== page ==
There are still a lot of difficulties that need even more of President Banda’s time and commitment, but Zambia is not on its knees. By far.
None of the country’s problems, especially in the aftermath of the global financial crisis, can be expected to be solved overnight. This is one fact that has been acknowledged by International Monetary Fund managing director Dominique Strauss-Kahn who has said that while the global crisis has taken a little longer to reach the low-income countries, the outlook for these economies has deteriorated dramatically and that a global recovery would be delayed into 2010, even if the countries adopted the right policies to fight recession.
Zambia is no island, and credit must, undoubtedly, go to President Banda’s pragmatism in handling serious national issues as opposed to pandering to narrow and short-term political gains.
In fact, is it not a phenomenal achievement that despite the current crisis, the Central Statistical Office has forecast a 6.3 per cent growth rate?
China, which is now a global leader in economic growth, is just below eight per cent while most developed countries are sub-zero.
Over the one year that Mr Banda has been president, Zambians have had the time to assess character and personality. RB, as the President is fondly known, is a friendly and likeable person who loves people.
This is the one man who, as is no longer unusual, often defies security restrictions to extend his hand to greet an ordinary Zambian in many of his travels around the country.
The last one year has provided an opportunity for the Zambian people to see the two faces of President Banda; one, as portrayed by his sworn opponents and all manner of image builders, and the other as actually seen when one gets to meet him physically.
He has that natural charm with which he makes audiences feel at ease in his presence. There are not too many presidents, least of them in Zambia, with the time to bow before an ordinary poor citizen. Yet this is almost second nature to President Banda.
He has not departed from the humility that he showed when he served as vice-president under the late Dr Mwanawasa and in the run-up to the October 30, 2008 presidential by-election.
A different president, considering what material the country has on the elections menu, would throw the nation into tense subservience. That high office would have no friendliness and no empathetic face.
A journey back to November 2, 2008 reveals streets of unwarranted provocative remarks from the media, opposition politicians and – rather oddly and even more destructive—former senior members of the MMD who have shown an eccentric bent for poisonous language.
In spite of the barrage of hot chillis, President Banda has remained patient and steadfast. Not just for biased claims’ sake, it is true that in RB, the country has a fatherly overseer whom opponents should oppose with a sense of goodwill rather than the vehement ill-will on display day in, day out.
The arrogance and high-handedness exhibited by some opposition political leaders is alien to President Banda who believes in team work, which is why he stands out among all candidates ahead of the 2010 elections. Accused of corruption, he launched the National Anti-Corruption Policy on his 299th day in office… proof of corruption indeed!
One might think that Zambians, after the loss of president Mwanawasa, needed a calming personage of reassuring demeanour ,such as RB has proved to be. This is the amiable man whom some political warlords would like voters to see as a monster.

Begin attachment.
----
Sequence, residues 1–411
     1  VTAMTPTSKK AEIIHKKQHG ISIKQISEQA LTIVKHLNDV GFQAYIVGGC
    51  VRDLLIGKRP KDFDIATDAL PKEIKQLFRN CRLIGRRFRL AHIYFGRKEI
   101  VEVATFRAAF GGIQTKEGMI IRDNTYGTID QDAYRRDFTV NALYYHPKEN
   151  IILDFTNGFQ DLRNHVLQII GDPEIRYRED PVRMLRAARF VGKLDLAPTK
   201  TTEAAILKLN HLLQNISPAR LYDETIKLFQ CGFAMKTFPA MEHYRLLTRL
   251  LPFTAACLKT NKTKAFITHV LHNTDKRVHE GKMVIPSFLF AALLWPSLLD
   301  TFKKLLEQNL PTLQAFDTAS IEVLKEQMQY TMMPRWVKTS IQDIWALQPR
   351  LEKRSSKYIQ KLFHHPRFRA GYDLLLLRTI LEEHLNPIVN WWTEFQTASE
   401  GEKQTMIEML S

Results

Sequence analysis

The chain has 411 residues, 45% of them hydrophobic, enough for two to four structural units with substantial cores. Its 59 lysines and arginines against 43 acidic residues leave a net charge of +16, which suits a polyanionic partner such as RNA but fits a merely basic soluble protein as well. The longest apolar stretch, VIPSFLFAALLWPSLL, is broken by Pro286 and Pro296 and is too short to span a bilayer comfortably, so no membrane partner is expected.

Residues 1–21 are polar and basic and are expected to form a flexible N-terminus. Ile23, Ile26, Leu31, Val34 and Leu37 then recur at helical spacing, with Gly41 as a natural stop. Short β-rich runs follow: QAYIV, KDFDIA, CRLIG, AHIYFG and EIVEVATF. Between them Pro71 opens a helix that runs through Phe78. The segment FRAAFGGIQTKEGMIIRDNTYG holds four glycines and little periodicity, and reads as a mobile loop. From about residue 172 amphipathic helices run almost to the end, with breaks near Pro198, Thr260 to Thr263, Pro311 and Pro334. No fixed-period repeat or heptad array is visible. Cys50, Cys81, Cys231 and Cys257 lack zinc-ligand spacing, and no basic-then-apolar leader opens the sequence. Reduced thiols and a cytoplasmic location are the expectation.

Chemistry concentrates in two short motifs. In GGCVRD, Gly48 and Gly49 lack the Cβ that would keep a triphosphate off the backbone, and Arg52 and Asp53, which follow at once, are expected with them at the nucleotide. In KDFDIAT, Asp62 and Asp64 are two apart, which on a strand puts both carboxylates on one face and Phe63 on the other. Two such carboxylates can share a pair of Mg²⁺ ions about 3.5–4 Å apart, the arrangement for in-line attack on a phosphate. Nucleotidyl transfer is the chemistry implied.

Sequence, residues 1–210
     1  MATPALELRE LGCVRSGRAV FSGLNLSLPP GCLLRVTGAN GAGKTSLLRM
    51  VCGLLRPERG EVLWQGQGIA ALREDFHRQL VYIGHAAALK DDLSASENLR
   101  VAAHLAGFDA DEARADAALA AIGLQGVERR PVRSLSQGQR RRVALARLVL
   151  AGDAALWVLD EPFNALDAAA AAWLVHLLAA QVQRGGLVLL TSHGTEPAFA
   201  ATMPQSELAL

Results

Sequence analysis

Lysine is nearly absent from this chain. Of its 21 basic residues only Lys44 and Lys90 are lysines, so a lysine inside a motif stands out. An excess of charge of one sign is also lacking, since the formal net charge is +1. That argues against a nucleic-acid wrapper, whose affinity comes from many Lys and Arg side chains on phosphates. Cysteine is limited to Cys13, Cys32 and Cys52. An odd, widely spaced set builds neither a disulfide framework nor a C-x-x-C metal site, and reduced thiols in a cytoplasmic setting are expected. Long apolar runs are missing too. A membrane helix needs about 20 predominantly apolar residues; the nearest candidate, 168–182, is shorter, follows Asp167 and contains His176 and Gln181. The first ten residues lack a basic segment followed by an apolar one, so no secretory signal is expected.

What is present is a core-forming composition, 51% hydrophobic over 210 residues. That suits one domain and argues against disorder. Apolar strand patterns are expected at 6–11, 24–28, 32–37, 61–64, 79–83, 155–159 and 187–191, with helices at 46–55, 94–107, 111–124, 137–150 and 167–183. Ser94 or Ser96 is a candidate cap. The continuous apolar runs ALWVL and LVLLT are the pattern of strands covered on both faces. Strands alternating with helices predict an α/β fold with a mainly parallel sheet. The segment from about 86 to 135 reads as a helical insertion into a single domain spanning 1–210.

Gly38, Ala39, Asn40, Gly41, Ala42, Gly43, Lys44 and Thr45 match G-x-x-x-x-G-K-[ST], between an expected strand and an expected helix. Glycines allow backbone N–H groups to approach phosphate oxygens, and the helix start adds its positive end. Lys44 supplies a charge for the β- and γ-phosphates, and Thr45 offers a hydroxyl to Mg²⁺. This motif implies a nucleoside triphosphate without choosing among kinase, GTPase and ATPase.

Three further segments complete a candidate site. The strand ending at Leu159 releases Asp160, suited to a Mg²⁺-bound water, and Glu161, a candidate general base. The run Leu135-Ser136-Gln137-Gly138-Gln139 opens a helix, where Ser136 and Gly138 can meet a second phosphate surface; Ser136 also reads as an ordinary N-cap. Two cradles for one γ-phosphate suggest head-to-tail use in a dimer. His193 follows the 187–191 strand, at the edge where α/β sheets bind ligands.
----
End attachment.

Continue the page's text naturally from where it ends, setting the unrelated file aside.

Just under a month ago, when the shortage of petrol was beginning to bite, President Banda chose not to engage in the flip-flopping that has become characteristic of some of Zambia’s leading opposition leaders.
With a straight face, he apologised to the nation and regretted that the petrol shortage had inconvenienced many Zambians: and earned mockery for that.
All this was happening with one year of his presidency.
Yet Zambians know of some politicians who, eight years later, have still never apologized for shepherding a horde of machete-wielding hoodlums on a maiming spree in Chawama Township in Lusaka.
Eighteen years later, there has been no apology from those who commandeered bulldozers on a demolition exercise of poor people’s houses in Kanyama Township.
Some people may have forgotten these ugly episodes, but many still have bitter memories of the reign of those who now pretend to be the saviours-in-waiting.
Many Zambians are now living in squalour because of the manner in which the country’s mines were privatized while those who headed the privatisation teams are literally swimming in opulence and simultaneously firing hateful accusations.
They are too arrogant and proud to apologise. All they can do is use the wealth to mount a no-holds-barred campaign to get to State House, regardless of whether their partner is someone they described, not too long ago, as uneducated and uncivilized.
It surely appears that a man who stands for nothing will fall for anything. It is important for people, particularly politicians, to remember that life is lost at finding itself all alone. This is the advice from Jose Ortega Y Gasset in Revolt of the Masses (1930).
He adds that mere egoism, as exhibited by some new entrants on the political scene, is a labyrinth. To live is to be directed towards something; to progress towards a goal.
Leadership and pretence do not go together. The humility to show remorse when things do not appear to go well is a virtue that leaders ought to embrace at all times.
It does in no way mean weakness.
Despite Mr Banda’s obvious humility in harnessing every Zambian’s effort in charting the country’s course, the attacks – many of them personal – have shown no signs of petering out.
The attacks have even extended to President Banda’s grown-up children who, like any other Zambian, have the right to determine their own destiny. At his age, Mr Banda has educated and mature children who defined their own fortunes in life during his earlier years in Government, diplomatic service, business and retirement.
“When will President Banda visit Zambia?” mockers have laughed in jest.
His participation at regional, continental and world events has served Zambia well, for in this day and age every nation needs international recognition. He now chairs the International Conference on the Great Lakes Region (ICGLR) and is vice-chair of the SADC organ on politics.
Zambia is tangibly present on the world stage.
From that level to featuring as a special guest at the Chakwela Makumbi ceremony of the Soli people in Chongwe last weekend, President Banda serves as a unifying factor that it is time Zambians so recognized and appreciated.